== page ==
Japan bassist Karn dies of cancer

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Mick Karn, the bass player and founder member of British art rock band Japan, has died after succumbing to cancer, his website said Wednesday. He was 52.

He died peacefully at his west London home on Tuesday, surrounded by family and friends, a brief statement said.

Born Andonis Michaelides to a Greek Cypriot family in Nicosia, they emigrated to London when he was three.

He formed Japan when he was 15, with singer-guitarist David Sylvian and Sylvian's younger brother Steve Jansen, a drummer.

After years as a cult act they scored hits between 1981 and 1983.

Karn, who sported yellow hair in the band's early days and was later noted for slicked-back hair and shaved eyebrows, was a regular face in pop magazines and was noted for his fretless bass playing style.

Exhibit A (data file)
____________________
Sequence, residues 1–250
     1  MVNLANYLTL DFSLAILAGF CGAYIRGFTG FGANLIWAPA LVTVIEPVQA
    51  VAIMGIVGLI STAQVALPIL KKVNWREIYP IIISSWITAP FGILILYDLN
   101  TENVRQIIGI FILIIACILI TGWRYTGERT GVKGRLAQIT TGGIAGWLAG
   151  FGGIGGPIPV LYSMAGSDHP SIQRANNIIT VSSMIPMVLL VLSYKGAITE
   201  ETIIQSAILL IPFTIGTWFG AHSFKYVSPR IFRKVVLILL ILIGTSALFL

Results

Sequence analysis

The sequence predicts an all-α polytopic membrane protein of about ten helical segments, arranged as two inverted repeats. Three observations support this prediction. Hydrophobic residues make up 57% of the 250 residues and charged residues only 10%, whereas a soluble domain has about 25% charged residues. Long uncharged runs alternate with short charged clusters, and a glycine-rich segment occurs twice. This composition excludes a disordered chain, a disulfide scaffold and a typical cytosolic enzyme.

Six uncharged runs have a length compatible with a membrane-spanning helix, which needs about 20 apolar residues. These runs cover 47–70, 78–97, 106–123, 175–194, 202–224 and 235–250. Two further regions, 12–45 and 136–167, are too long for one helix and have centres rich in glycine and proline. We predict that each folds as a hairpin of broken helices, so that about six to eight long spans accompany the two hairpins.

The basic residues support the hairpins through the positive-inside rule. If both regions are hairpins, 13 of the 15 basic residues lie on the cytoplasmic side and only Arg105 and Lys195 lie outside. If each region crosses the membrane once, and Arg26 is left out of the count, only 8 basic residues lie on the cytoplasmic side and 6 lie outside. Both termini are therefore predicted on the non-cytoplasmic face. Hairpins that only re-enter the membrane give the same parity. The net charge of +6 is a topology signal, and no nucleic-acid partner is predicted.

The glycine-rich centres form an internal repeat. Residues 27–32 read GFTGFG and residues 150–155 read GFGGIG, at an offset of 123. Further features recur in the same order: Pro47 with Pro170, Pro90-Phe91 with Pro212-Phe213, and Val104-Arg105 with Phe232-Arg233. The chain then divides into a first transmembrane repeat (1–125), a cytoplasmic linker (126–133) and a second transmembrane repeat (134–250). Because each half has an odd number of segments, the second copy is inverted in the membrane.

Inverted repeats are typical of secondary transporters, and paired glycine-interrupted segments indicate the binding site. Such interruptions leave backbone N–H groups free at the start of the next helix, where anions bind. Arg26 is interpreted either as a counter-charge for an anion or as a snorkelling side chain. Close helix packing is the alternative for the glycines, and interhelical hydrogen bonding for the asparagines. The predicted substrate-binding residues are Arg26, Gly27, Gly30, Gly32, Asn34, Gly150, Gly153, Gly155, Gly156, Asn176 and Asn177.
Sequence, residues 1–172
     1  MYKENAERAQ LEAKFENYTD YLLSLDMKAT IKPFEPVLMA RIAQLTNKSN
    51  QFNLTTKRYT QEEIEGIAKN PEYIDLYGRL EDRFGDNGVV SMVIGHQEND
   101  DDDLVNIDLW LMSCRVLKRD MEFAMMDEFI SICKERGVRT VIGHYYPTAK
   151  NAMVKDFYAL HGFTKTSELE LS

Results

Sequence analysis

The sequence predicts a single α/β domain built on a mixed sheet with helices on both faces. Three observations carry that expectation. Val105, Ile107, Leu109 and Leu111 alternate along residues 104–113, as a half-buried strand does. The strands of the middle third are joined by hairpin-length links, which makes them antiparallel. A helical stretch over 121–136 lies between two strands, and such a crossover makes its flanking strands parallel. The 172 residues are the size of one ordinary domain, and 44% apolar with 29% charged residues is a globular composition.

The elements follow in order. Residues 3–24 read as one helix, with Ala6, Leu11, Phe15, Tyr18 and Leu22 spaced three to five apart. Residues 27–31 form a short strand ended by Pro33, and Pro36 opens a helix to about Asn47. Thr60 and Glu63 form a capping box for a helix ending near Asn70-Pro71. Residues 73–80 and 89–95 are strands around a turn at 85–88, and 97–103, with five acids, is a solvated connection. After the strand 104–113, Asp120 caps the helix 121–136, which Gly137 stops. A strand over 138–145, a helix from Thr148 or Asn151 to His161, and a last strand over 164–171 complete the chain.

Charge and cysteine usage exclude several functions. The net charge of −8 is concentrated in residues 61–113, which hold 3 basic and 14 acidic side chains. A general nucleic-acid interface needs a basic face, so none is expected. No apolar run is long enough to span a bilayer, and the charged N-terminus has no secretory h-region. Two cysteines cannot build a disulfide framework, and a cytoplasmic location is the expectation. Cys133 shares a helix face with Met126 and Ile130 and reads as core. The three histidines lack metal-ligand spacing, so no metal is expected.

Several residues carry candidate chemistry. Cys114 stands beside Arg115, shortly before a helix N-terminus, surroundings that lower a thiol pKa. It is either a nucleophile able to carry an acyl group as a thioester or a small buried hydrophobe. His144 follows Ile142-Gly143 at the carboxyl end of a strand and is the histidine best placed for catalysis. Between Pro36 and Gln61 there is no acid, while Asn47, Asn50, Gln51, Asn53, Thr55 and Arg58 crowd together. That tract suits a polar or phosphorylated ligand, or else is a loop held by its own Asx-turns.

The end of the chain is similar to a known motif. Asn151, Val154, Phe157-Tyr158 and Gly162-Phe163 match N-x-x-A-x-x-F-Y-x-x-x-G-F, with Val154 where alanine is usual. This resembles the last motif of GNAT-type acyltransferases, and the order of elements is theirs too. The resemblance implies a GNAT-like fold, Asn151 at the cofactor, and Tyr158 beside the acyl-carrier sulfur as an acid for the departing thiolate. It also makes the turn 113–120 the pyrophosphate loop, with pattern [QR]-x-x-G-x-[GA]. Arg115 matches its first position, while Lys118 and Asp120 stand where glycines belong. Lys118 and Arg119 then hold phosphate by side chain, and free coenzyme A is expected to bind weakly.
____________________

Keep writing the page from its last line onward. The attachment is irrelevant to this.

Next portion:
"I couldn't help but feel that bass players were always hidden somewhere in the background whereas I was determined to be heard," he said.

The band's 1982 breakthrough album "Tin Drum" was also their last. It spawned their biggest domestic hit single, "Ghosts", but the band split a few months later.

Karn was in demand, playing alongside artists like Jeff Beck, Pete Townshend, Kate Bush, Midge Ure, Joan Armatrading and Gary Numan. He later moved into jazz.

After being told Townshend had called him the best bassist in Britain, Karn replied: "The best? No, but having never heard anyone play in a similar way, I'd certainly consider perhaps being the most original."

He was diagnosed with cancer in June 2010.

Karn is survived by his wife Kyoko and son Metis.

© 2011 AFP

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